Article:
After watching this video, I have a ready-made shorthand for marginal comments or conferences. As the video says, “It’s easy to miss something you’re not looking for,” so it is dangerous to have a thesis too early, and in the evidence-gathering part of the process, you must remain open to what is there. When a student is having problems with this, I can just point out briefly that there seem to be some moonwalking bears around. And instead of getting defensive, they laugh ruefully, and settle in to talk about what else might be there.
Another problem students often have is missing key facts in a text, reading hurriedly or sloppily, and ending up with arguments that cannot be supported because the facts are against them. While there is never one correct interpretation of a text, there are wrong ones, interpretations that violate or ignore facts. But when you point out that a student is doing this, s/he often feels defensive, stupid. Humor can help. So I tell students, “You can’t make a stunningly brilliant argument about the symbolic significance of a yellow shirt if . . . the shirt is actually red.” For the rest of the semester, all I have to write in the margin, say in a conference, or suggest as a peer comment is “Check the text. Looks like a red shirt here.” Students may feel a little sheepish (don’t we all? Everyone has a few red shirts hiding in the closet), but they more easily shift to looking for the right “shirt” and re-evaluating their argument in the light of the actual facts of the text.
And then there’s this plagiarism exercise that my department uses. It offers a quotation from a source about Asiatic black bears, then cites three mock “student” examples of using the information in an essay about the problem a Missoula, Montana town was having with bears coming into town, attracted by the dump and open trash cans. We go through the exercise, with students duly differentiating between proper quotation or paraphrase and plagiarism, usually learning that some of what they thought was appropriate is actually a form of plagiarism. This often makes them feel a little demoralized and defensive.
And that’s when I spring the joke.
I ask them whether the topic actually excites them and whether they think it excited the “student” writers — or the teachers who were crafting the example. We bat it back and forth, and they usually come to the conclusion that the only people who would really care are folks in Missoula. We talk about the hazards of writing about something you have found no reason to care about, to be committed to, and I ask them to look for the problem with the research source itself. Eventually someone notices that the research is about Asiatic black bears, and we’ll pull up information about them, including their range and habitat — which is a world away from Missoula, MT. And since Asiatic black bears have difficulty surviving and reproducing in zoos, it is highly unlikely that even escaped animals could be harassing the good citizens of Missoula, nor would learning about these bears help a lot with understanding the behavior of American black bears or what to do about them. There’s a lot of good-natured joking, usually, and then they sober up, but smile, when I tell them I don’t want to see any Asiatic black bears sniffing around their essays.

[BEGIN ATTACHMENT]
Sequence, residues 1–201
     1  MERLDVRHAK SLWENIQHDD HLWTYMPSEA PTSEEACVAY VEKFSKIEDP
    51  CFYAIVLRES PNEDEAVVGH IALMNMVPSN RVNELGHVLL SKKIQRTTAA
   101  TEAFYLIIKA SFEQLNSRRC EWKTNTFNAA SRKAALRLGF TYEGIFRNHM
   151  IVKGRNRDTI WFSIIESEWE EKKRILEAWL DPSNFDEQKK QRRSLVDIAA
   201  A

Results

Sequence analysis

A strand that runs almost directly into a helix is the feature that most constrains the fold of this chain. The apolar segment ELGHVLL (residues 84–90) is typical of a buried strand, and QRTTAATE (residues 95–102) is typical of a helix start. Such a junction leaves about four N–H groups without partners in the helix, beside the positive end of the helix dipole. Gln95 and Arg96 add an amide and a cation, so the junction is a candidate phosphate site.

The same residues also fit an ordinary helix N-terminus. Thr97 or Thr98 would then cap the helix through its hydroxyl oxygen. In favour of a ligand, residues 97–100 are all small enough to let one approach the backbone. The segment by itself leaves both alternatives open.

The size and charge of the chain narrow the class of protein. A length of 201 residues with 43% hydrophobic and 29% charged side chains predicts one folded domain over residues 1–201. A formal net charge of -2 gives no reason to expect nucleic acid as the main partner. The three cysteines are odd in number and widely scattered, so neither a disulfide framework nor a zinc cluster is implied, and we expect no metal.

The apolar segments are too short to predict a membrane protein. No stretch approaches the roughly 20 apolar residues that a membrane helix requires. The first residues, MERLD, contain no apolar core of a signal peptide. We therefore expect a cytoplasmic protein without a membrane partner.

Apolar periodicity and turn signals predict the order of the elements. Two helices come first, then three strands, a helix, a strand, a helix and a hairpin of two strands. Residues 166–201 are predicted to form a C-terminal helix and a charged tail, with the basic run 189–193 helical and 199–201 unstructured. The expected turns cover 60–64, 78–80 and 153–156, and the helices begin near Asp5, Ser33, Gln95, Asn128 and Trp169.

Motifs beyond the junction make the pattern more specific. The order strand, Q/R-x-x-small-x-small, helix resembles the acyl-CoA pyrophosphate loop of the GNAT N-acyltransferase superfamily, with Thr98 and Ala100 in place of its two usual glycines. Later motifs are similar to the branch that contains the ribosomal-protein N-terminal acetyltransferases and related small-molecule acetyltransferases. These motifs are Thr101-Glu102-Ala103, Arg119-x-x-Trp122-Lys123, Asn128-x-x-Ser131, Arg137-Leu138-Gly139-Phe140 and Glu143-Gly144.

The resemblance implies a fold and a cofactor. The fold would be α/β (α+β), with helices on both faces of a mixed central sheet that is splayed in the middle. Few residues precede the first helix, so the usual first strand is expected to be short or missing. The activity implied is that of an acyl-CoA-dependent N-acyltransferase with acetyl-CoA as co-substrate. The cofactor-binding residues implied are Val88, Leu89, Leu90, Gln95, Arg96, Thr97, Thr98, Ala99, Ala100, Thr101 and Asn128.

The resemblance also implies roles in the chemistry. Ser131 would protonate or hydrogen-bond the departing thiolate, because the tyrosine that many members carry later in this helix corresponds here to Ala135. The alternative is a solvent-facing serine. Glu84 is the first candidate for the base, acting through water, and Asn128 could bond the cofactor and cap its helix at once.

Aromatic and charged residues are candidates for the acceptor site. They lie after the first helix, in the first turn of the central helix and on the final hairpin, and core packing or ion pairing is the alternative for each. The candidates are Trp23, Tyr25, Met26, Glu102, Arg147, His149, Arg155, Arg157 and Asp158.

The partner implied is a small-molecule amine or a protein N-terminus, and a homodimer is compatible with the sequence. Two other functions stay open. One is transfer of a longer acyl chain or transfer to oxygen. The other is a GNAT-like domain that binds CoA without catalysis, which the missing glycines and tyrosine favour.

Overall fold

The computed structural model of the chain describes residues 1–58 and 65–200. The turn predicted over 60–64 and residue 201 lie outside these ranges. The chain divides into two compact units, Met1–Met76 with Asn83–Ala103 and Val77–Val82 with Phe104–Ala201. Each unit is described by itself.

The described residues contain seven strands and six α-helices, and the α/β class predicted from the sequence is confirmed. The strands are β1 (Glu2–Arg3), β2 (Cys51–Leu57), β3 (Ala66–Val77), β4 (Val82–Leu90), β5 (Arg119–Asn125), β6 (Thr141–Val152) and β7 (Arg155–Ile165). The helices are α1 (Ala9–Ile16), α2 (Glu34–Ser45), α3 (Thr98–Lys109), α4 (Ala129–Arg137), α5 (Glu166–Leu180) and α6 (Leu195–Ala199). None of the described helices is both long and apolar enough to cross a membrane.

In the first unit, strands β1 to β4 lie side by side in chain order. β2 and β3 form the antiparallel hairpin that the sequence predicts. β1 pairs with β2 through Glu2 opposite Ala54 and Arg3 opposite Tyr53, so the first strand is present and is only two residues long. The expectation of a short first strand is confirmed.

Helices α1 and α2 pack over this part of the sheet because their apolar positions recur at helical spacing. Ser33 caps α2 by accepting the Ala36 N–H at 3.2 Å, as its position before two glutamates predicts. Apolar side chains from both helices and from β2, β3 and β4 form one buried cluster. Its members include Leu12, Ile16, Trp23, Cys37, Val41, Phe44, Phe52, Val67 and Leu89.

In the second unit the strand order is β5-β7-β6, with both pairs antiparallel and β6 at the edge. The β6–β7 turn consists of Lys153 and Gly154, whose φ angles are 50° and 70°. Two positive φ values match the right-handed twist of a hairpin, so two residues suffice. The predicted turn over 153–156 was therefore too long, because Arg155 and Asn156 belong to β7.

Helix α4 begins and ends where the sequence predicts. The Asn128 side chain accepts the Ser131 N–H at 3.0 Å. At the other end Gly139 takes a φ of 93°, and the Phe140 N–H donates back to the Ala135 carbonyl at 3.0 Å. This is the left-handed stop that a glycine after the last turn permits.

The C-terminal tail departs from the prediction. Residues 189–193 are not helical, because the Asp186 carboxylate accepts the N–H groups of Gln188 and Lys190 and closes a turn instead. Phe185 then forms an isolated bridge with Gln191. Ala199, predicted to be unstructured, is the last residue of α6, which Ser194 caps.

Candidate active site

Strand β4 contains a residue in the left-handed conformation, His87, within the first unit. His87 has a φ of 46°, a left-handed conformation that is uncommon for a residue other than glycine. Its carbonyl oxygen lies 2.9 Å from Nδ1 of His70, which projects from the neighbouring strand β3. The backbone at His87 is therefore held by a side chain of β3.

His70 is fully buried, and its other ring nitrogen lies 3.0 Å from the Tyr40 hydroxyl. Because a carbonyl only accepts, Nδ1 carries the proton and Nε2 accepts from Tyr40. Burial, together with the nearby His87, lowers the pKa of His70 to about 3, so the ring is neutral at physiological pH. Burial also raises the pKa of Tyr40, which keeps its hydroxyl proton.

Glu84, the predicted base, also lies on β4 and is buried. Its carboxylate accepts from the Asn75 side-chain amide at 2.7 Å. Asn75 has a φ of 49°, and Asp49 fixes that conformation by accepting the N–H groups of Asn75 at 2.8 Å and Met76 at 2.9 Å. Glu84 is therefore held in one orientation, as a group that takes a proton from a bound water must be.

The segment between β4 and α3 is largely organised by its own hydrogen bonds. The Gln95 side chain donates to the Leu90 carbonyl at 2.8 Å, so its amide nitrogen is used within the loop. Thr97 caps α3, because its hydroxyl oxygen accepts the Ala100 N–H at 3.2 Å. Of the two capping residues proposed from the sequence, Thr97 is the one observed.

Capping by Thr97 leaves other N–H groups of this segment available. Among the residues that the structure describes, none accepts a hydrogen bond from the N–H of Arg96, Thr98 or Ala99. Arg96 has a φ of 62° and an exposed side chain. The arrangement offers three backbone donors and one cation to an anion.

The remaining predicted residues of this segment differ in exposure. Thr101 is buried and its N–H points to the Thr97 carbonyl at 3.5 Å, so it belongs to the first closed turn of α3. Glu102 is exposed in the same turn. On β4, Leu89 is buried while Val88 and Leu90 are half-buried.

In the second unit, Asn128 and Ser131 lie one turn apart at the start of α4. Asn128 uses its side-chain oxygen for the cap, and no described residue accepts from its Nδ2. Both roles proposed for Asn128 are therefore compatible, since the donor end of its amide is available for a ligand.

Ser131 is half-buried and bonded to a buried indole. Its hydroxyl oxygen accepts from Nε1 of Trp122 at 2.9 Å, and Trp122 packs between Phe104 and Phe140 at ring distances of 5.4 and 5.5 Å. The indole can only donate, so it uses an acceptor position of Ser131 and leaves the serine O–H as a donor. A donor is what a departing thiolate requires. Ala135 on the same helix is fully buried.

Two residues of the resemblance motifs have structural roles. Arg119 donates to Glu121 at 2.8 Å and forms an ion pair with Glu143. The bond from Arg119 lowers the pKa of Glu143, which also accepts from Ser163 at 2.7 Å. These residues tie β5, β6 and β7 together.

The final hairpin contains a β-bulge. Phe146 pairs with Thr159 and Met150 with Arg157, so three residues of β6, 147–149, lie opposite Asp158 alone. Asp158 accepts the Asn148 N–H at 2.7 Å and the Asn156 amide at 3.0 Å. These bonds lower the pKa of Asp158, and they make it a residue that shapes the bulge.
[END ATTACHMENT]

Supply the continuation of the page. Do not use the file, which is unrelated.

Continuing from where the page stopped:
Not sure why bears seem to haunt the jokes. Maybe because they look so cuddly, but are actually dangerous. Anyway, there it is.
I could go on —
Oh, you’ve noticed that have you? Hush.
— but I’ll close with this, a link to an article I often give students for some solid writing advice. The article is “10 Ways to Improve Your Writing While Thinking Like a Comedy Writer” by Leigh Anne Jasheway, from the Writers’ Digest website. It offers many suggestions that more “serious” articles or handbooks on writing offer, but students seem to use the language here more often when they’re describing their efforts at stylistic innovation or cohesion, and to feel less threatened by its advice.
Maybe that’s because there aren’t any bears. Or growling, sleep-deprived professors.
© Sharon D. McCoy, 14 November 2013